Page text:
Now that was a genuine climate forecast, made in the face of 40 years of temperature decline, predicting that it would start to rise soon.

There is no denying the accuracy of that forecast. These people knew what they were talking about then, and they do now still.

(Click for link)

I cannot agree that the ups and downs in the last 15 years yet indicate that warming has stopped, nor that there has been cooling since 1998. 1998 was one of the peaks but it looks like 2010 might surpass it as did 2005. The decade 2000 to 2009 contained 4 of the 5 hottest years since temperature readings began. 1998 was the only one outside that decade. Since the 70s, the average for each decade has exceeded that of the previous one. We shall have to wait and see what the average for 2010 to 2019 will be. Meanwhile, here's the very latest graph from NASA GISS:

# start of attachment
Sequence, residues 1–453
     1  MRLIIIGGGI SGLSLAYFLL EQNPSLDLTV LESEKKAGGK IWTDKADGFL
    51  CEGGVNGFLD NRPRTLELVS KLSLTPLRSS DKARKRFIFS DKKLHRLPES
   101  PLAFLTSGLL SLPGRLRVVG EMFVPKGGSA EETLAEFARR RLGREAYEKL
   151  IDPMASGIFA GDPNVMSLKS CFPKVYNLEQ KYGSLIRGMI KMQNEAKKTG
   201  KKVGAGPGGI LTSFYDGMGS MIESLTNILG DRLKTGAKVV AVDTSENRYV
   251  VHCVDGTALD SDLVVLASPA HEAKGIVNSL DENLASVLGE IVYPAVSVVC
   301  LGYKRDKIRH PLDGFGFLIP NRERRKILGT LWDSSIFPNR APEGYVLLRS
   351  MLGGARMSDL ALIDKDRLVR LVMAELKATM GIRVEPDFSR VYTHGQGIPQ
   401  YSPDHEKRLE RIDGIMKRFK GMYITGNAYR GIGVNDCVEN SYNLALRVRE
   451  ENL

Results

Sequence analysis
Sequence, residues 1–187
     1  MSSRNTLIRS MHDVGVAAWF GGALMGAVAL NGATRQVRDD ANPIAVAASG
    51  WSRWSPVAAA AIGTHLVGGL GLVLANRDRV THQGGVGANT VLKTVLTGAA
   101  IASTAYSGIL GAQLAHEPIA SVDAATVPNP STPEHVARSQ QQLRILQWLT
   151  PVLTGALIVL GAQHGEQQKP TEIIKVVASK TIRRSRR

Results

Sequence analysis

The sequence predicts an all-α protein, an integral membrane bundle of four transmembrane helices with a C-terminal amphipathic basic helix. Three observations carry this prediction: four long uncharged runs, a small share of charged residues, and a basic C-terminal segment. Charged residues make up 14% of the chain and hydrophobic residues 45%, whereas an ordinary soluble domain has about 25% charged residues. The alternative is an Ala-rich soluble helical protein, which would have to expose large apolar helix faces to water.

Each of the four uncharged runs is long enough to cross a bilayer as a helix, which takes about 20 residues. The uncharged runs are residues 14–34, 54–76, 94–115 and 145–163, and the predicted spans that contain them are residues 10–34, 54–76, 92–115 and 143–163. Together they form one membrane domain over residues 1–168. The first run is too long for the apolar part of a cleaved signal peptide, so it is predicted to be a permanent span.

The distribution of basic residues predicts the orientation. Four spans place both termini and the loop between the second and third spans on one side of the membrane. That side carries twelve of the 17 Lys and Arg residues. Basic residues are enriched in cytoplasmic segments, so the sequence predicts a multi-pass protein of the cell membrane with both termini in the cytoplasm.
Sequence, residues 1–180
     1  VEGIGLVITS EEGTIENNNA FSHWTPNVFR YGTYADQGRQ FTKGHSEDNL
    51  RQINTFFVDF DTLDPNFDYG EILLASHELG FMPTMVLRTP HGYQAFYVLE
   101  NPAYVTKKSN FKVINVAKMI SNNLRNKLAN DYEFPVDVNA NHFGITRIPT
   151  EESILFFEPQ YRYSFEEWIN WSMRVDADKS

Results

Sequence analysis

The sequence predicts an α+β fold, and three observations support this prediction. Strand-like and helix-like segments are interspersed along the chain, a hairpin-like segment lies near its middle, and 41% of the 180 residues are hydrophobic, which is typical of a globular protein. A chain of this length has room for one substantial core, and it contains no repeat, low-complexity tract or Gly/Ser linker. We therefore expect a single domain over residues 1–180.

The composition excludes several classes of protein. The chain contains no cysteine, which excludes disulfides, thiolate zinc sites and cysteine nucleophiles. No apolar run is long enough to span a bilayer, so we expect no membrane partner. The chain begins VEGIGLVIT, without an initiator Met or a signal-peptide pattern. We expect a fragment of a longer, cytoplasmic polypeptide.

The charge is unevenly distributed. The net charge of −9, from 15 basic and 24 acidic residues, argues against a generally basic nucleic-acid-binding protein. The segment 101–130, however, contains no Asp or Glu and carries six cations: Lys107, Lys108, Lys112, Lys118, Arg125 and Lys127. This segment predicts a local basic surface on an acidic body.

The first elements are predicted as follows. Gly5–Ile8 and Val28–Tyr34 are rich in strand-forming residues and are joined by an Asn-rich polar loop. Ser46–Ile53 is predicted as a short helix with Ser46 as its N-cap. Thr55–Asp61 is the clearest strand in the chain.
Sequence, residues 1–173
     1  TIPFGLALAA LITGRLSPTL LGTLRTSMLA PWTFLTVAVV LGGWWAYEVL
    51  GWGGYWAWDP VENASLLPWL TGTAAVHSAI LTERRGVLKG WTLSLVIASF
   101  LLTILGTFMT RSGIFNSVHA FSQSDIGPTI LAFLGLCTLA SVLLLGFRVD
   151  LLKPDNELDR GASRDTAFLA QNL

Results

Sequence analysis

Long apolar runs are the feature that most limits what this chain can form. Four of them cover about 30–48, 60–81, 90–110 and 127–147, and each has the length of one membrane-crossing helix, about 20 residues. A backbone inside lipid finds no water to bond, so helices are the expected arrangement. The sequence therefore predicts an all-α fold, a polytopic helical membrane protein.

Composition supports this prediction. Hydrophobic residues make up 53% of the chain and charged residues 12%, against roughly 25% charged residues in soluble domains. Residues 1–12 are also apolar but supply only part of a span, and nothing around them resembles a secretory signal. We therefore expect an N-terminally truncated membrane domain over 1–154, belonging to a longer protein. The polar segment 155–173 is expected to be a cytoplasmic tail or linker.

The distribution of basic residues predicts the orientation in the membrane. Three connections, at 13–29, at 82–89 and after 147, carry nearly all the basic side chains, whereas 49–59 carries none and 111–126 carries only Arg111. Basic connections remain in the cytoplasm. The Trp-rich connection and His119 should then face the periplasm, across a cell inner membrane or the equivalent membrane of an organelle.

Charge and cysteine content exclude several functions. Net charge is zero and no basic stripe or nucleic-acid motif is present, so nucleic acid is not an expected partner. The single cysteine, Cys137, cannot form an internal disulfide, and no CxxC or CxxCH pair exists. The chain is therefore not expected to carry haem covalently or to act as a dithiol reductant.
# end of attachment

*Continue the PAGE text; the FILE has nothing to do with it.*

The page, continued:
It is a myth. The popular press seized on a scientific paper by Rasool and Schneider (1971), which said that IF industrial sulphate aerosols increased fourfold then the cooling effect would overwhelm the warming effect of the CO2. In fact aerosols decreased because of the clean air acts enacted in most countries at the time and warming was not overwhelmed.  By 1976 Stephen Scneider was in the forefront of scientists predicting global warming.

During the period 1965-1979 for every scientist predicting global cooling, six were predicting the global warming that actually happened.

But if you were a popular press editor trying to sell papers, what headline would do the trick: "Ice age coming!" or "Earth to warm a few degrees"?

(Click for

We are discussing the global warming that has occurred since the 1970s, and what I said was quite correct: there has been NO INCREASE in solar radiation during that period. Certainly it is at a high level, but since the 70s there has been no increase to correspond to the rise in temperature.